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Doctor says I "need" to wean 20-month-old DD

post #1 of 17
Thread Starter 

I went to a new doctor today and she practically scorned me for *still* breastfeeding my 20-month-old rolleyes.gif  The fact that I said she only wants to nurse at night to help her sleep just made her scorn it more--saying that she's "using me as a pacifier".  I see where she's coming from and I would like to help wean her off, but I definitely want to go slowly and make it as tear-free as possible.  I'm going to read other threads on the topic since I see there are quite a few, but if anyone wants to include advice here I'd like to read it.  Also, if anyone else has heard something similar from their doctor and what they thought/felt about it, I'd like to know that, too.  She says there's basically no point since she's not getting anything nutritionally from it, which I'm not sure I completely agree with.  I know that the first year is most important but breast milk is so amazing that I doubt it's completely pointless.  I also didn't like her attitude, it was very condemning.  I'm sure she doesn't have many patients who breastfeed longer than a year so she probably was a bit wigged out by it, hence the judgment and tone.  I still don't get it, though, since the WHO recommends nursing for the first two years.  Whatever, I'm not doing anything drastic.

post #2 of 17

I think you might need to look for a new doctor who's more in tune with your parenting choices.  You gave a lot of good reasons yourself.  WHO does recommend bf'ing until 2 years of age.  You milk does provide something nutritionally.  What I've heard is that toddlers get more immune factors in their milk which is good because they are interacting more with other people.  I'm sure there are lots of good reasons to continue.  You should stop when you want to, not when you feel pressured or shamed.

post #3 of 17

Your doctor sounds ignorant and condescending. I'm sorry :( The AAP's official recommendation is also as long as baby and mother desire, too, I believe. And yes, the WHO definitely recommends at least two years. All over the world children wean at 2-5 years old, we're the odd ones out.

post #4 of 17

I'm sorry you had to deal with that! That Doctor was just downright wrong, any way you look at it! It is really inexcusable how many health care professionals give out the wrong information about breastfeeding.  If you are up for it maybe consider reporting her--maybe someone other than me will have advice about the best way to go about doing that, check in the lactivism thread, because there are people who have had something similar happen to them and have reported it who posted there. It looked like most of them got a good response when they did, too. At the very least it might make you feel better, and she really shouldn't be giving out such misguided advice, and to do it in a condescending way, that is just not OK!    

post #5 of 17

Your doctor is an idiot. You can argue with an opinion, you can't argue with ignorance. Keep up the good work thumb.gif
 

post #6 of 17

The content of your breastmilk changes as your baby/toddler ages to suit their needs so they are receiving a true benefit from nursing even if it isn't calorie based nutrition.  I am still nursing my 29 month old DD (Oh my God where has the time gone, I had to count out the months past 24 on my fingers and can't believe she's that old!) and she's never been on an antibiotic though she lives in a home with a plethora of germs from my 2 older children and 3 days a week in day care.  I never intended to nurse this long, it just happened and if you both are still enjoying it then by all means continue and find a doctor that is more in tune with your parenting style!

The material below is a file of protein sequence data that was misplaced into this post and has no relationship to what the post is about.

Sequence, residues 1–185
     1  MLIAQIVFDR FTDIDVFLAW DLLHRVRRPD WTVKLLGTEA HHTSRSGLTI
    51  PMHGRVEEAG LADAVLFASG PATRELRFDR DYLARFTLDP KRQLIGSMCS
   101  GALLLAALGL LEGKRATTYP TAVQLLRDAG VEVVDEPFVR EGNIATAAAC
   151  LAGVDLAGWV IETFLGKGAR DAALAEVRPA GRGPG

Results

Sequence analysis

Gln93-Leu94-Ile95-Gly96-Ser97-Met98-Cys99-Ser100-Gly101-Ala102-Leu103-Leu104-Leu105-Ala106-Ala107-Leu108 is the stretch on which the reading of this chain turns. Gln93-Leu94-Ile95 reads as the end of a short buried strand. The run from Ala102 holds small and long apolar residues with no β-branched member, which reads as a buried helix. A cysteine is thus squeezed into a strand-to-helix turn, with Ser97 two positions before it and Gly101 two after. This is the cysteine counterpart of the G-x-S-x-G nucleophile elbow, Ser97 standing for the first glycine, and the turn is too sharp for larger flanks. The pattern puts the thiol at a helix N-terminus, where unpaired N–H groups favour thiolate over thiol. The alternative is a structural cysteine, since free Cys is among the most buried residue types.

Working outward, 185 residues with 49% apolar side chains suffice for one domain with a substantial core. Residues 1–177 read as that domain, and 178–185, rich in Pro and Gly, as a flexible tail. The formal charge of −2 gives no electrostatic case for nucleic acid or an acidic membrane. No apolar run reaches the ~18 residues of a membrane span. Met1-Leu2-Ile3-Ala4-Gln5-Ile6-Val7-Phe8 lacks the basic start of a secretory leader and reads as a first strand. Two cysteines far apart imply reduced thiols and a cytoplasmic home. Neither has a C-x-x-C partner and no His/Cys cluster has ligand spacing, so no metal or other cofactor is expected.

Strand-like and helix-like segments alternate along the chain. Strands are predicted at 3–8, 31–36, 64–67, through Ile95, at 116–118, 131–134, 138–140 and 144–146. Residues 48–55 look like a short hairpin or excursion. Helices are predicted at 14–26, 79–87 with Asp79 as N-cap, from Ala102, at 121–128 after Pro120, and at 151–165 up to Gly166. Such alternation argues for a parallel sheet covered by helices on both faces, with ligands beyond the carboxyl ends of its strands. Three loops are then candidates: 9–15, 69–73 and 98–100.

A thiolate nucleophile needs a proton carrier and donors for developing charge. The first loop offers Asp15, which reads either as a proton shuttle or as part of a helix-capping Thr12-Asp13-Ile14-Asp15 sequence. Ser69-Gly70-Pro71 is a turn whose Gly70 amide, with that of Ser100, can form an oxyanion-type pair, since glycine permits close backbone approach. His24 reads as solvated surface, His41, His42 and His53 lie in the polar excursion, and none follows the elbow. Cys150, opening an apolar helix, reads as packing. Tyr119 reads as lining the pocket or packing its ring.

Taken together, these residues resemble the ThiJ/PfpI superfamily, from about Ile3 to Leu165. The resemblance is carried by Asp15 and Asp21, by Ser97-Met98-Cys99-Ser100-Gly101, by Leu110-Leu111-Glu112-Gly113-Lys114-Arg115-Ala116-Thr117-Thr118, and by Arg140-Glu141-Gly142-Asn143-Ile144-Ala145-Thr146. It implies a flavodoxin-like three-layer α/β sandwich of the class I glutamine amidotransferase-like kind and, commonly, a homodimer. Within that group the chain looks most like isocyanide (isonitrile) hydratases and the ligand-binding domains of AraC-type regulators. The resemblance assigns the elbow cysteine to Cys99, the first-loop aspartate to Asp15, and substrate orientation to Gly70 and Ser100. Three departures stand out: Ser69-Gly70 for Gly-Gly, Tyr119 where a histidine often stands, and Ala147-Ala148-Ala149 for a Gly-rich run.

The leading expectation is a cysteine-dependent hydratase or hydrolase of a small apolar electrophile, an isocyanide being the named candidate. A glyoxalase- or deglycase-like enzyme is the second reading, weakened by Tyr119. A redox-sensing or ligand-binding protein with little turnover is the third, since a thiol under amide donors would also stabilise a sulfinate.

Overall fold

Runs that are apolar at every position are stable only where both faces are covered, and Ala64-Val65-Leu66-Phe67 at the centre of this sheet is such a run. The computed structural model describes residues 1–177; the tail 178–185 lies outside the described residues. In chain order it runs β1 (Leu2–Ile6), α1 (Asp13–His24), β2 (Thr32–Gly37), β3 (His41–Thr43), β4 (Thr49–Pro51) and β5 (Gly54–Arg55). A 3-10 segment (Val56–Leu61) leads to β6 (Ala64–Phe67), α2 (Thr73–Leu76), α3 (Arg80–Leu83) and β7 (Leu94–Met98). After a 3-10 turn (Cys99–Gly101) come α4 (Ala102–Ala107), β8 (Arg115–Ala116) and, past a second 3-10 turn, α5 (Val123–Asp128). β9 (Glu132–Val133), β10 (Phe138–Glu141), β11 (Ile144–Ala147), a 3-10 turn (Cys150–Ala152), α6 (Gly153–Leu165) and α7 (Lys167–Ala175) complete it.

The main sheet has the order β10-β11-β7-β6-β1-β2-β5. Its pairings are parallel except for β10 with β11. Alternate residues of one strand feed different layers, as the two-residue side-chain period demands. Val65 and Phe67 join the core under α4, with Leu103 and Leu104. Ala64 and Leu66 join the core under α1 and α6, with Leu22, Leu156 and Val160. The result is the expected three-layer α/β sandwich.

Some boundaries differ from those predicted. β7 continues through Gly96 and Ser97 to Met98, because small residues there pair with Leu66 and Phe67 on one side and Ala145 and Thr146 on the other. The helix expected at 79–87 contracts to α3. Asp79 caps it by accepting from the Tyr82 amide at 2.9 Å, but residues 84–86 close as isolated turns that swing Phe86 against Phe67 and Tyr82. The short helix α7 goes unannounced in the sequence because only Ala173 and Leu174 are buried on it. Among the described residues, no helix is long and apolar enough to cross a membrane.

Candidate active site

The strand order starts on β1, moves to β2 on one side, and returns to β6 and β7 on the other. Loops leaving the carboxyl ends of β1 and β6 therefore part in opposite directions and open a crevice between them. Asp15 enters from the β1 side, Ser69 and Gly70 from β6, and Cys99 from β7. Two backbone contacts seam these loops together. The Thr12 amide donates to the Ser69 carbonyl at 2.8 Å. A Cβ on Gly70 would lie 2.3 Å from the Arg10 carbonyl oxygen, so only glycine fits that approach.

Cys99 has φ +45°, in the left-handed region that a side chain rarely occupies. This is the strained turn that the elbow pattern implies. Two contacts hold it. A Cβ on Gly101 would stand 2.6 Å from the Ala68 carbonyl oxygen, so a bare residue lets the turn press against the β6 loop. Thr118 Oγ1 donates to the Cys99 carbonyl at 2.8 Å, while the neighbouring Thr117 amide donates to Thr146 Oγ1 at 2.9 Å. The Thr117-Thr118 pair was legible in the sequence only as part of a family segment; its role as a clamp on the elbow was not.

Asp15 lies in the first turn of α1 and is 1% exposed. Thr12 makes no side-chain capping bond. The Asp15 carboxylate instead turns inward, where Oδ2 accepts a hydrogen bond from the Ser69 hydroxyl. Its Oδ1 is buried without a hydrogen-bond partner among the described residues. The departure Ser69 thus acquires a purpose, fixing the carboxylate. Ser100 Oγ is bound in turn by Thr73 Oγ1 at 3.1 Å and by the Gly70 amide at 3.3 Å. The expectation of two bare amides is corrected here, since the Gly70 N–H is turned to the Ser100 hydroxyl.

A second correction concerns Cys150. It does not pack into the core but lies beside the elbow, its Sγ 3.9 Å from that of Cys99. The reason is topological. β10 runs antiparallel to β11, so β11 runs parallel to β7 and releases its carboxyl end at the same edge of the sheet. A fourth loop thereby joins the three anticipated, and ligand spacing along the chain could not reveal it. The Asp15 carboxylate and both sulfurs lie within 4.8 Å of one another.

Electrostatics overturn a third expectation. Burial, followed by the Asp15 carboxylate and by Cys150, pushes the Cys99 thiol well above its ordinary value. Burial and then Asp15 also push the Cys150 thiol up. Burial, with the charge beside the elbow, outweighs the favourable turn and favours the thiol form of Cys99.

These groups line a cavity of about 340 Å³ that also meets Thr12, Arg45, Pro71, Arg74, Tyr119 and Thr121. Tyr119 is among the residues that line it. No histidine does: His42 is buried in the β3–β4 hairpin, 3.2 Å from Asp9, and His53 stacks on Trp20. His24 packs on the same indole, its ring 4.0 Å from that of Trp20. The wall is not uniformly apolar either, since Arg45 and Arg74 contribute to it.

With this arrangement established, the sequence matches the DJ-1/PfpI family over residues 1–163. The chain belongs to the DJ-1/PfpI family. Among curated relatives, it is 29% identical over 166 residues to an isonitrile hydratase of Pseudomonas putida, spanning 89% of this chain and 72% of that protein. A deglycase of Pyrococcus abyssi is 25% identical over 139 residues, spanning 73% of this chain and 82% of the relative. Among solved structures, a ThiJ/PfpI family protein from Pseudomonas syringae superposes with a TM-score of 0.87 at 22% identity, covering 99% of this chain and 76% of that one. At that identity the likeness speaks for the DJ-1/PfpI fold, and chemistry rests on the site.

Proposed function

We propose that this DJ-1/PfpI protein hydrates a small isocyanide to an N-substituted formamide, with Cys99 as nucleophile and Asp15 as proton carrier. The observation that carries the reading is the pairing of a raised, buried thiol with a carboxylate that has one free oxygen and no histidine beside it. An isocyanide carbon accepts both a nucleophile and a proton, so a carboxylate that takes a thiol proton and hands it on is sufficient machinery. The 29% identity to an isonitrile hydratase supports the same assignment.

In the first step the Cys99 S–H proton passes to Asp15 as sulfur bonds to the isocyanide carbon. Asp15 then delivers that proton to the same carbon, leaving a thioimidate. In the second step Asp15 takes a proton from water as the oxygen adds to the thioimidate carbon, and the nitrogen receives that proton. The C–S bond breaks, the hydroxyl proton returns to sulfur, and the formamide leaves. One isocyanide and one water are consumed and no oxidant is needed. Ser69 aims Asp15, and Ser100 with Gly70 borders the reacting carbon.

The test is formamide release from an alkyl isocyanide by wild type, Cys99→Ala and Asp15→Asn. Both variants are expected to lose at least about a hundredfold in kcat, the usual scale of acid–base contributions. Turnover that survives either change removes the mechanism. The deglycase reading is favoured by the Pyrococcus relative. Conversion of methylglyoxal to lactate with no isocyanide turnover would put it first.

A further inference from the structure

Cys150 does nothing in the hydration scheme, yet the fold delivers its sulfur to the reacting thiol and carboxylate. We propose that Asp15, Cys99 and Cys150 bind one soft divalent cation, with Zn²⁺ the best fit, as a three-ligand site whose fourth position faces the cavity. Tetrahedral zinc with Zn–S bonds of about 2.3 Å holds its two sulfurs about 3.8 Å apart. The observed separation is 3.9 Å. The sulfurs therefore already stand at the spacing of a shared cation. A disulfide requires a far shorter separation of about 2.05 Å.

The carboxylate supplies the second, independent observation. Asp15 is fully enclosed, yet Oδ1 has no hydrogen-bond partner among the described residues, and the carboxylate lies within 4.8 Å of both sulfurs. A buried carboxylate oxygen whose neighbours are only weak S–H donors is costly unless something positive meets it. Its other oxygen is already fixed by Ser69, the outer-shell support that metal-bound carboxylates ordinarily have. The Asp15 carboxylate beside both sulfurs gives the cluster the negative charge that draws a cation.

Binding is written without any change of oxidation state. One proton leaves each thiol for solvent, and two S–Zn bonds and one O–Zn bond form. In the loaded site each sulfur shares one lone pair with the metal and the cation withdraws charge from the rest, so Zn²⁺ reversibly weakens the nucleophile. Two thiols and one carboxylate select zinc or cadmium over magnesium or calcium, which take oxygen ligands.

post #7 of 17

I don't know about the immune benefits for toddlers, but even totally disregarding that, I don't see how milk could stop being beneficial for toddlers. Our bodies would stop making it if it didn't confer any advantages for our children. It just doesn't make logical sense to say that nutritionally they need to drink cow's milk and then turn around and say they shouldn't drink the milk of their own species. How can milk from their own mother be WORSE for a baby than milk from a mother COW?

 

At I think our 12 month checkup, our doc asked about whether baby was still nursing and about what we were giving her in the way of cow's milk; the answer was that she still nursed all the time and we hadn't done or planned to do much dairy, and the doc looked a little bemused and said "Well, I guess you qualify as dairy..." ROTFLMAO.gif

 

In regards to "using as pacifier", that language seems so condemning. What's wrong with a small child wanting comfort from Mom? If you're happy and your daughter is happy, who cares what anyone else thinks. 

post #8 of 17
My 32 month old is still nursing. Like a previous poster, I never really intended on nursing this long but I'm glad I am. I know it's not the norm in this culture which is sad but it is really sad when a doctor can tell someone there are no benefits to breast feeding a toddler. greensad.gif
post #9 of 17
Thread Starter 

Thanks everyone for sharing their stories and perspectives.  The more I think about this doctor, the more I feel disgusted and pissed off.  She obviously doesn't understand the benefits of extended breastfeeding and is too thick-headed to listen.  I started to explain but she immediately brushed me off--I guess she views her opinion as the only valid one.  I don't think it would be terribly detrimental if my daughter weaned in the near future, but I'd also like to take it at our own pace, not some arbitrary pace set by a controlling, judgmental doctor.  She seemed more concerned about my sleep, assuming I wake up a lot to nurse her (which I don't).  I told her she doesn't wake up much and she also sleeps right next to me, so I just go back to sleep with her.  She didn't get it.  I really wish it wasn't so difficult to find AP-friendly doctors.  I didn't feel a strong need to go to her, it was my DP's insistence to go because I hadn't been to one in a long time.  Now I dislike doctors even more than I did before.  I'm sure there are good ones out there, but they seem like needles in a haystack.

post #10 of 17